Chrissie Abbott

Published:  February 15, 2010
Brendan McKnight
Chrissie Abbott

It’s just a typical day. You wake up (hopefully it’s still morning), grab a coffee and head out down your street to work – it’s the same route that you take everyday. Except something is a bit different today, the universe has shifted a little and the billboard at the end of your street, which normally displays an ad for Calvin Klein’s latest boxers, is now displaying artwork you spent the last few months creating. You smile, you scream, you take a photo and even stop little old ladies in the street to tell them. Life is good.

No, this isn’t a made-up story just to make you feel a little bit more inspired on a Monday morning, but rather something that recently happened to digital designer and illustrator Chrissie Abbott, and we get the feeling those moments are only going to become a lot more frequent.

All Images Copyright Chrissie Abbott

All Images Copyright Chrissie Abbott

Hello Chrissie. So tell us a bit about yourself.
Well, I was born in Hammersmith, West London 26 years ago, and now I live and work in Hackney, East London making pictures.

You recently worked on the campaign for English electropop singer-songwriter Little Boots, which we love. How did that come about?

Two years ago before she was signed, her management contacted me about designing a logo. We met up and discovered we had a wealth of interests in common, which led to me doing the rest of the campaign.


The majority of your work combines photography and illustration – can you please tell me a little about how you work across both mediums?
I’ve always felt most comfortable working with collage. It’s always been a hobby that I guess has turned into a profession. I like building up layers and creating surreal landscapes that I work in afterwards. Working with photographs enables me to create images that I wouldn’t be able to draw.

Do you plan your pieces or are they quite spontaneous and sporadic? What is your process?
More often than not that they are spontaneous as I don’t like spending too long on things. Usually I start with a concept, research it a bit then gather images, make lists and write a little. Then I work on the layout and draw on top. I guess the best way to describe it is that my work looks like how my brain thinks.


Bitmap or Vector?
Bitmap for a main course and vector as a condiment.

Do you listen to music whilst you work? If so, what are you listening to at the moment?
Yes I can’t work without music; it seems to make my brain function better and is often a massive influence on my pieces. At the moment I am listening to Apse, Mount Eerie, Volcano Choir, the Breeders, Dead Meadow and A Place to Bury Strangers.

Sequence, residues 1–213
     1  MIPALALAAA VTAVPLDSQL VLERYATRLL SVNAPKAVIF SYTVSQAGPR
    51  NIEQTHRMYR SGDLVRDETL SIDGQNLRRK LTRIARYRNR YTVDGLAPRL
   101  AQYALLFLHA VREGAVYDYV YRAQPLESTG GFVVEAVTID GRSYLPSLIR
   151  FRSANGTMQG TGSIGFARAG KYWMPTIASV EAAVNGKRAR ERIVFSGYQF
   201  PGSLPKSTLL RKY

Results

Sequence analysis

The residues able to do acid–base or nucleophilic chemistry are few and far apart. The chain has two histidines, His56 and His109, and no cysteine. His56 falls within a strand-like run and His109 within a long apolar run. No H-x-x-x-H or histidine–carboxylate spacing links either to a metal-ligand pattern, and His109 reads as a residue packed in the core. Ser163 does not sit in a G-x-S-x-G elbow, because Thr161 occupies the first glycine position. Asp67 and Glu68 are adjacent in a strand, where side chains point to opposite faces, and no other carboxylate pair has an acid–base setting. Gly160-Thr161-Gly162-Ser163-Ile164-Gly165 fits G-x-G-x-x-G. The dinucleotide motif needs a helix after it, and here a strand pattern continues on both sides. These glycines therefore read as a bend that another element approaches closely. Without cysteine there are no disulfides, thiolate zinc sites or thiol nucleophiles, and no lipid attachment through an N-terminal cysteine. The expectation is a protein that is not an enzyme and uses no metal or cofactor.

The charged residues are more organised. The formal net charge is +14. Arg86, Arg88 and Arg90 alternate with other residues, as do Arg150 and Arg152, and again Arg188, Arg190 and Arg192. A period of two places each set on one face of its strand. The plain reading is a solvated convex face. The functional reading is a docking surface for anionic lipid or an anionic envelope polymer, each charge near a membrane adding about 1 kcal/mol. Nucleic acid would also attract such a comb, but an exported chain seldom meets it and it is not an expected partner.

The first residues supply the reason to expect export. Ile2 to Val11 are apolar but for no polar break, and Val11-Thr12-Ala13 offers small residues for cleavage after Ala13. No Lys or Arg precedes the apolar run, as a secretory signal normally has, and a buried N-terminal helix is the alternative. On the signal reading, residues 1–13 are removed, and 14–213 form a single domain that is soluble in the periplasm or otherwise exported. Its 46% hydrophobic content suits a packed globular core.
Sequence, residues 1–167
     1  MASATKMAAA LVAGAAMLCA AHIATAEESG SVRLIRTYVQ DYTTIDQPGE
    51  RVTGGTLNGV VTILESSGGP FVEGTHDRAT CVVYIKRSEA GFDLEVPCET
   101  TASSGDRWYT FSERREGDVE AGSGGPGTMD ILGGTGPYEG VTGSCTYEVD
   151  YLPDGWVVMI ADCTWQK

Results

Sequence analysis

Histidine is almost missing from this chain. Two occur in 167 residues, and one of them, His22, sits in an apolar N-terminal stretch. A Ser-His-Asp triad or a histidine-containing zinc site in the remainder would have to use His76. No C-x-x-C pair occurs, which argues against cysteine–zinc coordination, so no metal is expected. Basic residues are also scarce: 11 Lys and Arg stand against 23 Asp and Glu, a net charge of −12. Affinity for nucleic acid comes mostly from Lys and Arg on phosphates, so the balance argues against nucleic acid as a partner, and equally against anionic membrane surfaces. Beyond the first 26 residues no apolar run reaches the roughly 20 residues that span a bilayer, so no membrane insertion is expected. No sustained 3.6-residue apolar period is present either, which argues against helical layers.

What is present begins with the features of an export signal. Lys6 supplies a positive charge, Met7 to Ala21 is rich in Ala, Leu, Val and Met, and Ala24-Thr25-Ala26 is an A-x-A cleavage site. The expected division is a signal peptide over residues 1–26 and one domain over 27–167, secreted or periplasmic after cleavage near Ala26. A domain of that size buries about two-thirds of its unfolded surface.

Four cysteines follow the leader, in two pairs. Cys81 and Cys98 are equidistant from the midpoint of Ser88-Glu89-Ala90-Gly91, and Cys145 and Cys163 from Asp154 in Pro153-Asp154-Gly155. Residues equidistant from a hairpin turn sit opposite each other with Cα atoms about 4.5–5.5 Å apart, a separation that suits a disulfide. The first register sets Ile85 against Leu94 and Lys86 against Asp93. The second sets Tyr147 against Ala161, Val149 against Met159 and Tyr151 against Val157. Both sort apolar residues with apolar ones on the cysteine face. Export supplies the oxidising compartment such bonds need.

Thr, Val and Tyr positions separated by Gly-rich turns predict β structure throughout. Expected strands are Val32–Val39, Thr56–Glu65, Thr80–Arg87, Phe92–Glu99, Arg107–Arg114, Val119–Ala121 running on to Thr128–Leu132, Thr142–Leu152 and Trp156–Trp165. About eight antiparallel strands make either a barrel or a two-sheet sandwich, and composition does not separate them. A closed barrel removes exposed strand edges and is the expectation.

If you could work for anyone, who would it be and why?
Fleetwood Mac because I love them.

In three words how would you describe your work ethos?
Positivity, humour, technicolour.

wallpaper- showoff01

Where do you feel most inspired?
I usually feel most inspired when watching music live – also when I am by the sea or in places of greenery and nature.

What do you consider your greatest achievement?
I think my work with Little Boots because it’s been the most high profile job that I’ve thoroughly enjoyed doing. It was also really surreal seeing something I’d been working on for months on a billboard at the end of my road. It was like the universe shifted in a (good) way.


What is your set-up? Gear? Studio?
I share a studio with two great friends and amazing artists, Rosy Nicholas and Seb Camilleri. It’s in Dalston, East London above a screen-printing studio, which is super handy. I don’t have oodles of gadgets or gear – in fact my scanner sounds like it’s breaking at the moment and I suspect I will need to replace it soon. I have a Mac Powerbook, which is my most favouritest thing in the entire world.

hands-album cover

Do you have any advice for fellow artists who wish to get their work out there and noticed?
My advice would be just to do work that makes you happy. If your work reflects who you are rather than you trying to be trendy or you get into a certain niche then it will make you happy and people will see the joy in it. The Internet is the best tool to get your work out there, so get a blog, a website and send your work to people you like. Also the fact is that you’re going to have to do a certain amount of work for free before the big bucks come flying in – patience is key!

All Images Copyright Chrissie Abbott

5 Responses

  1. Danii

    beautiful work!

  2. smithy

    Incredible – So psychedelic and magical. The fusion of photography and illustration really works.

  3. jamesP

    love little boots – she rocks. nice pics

  4. JR

    hawt stuff. looks like me dreams

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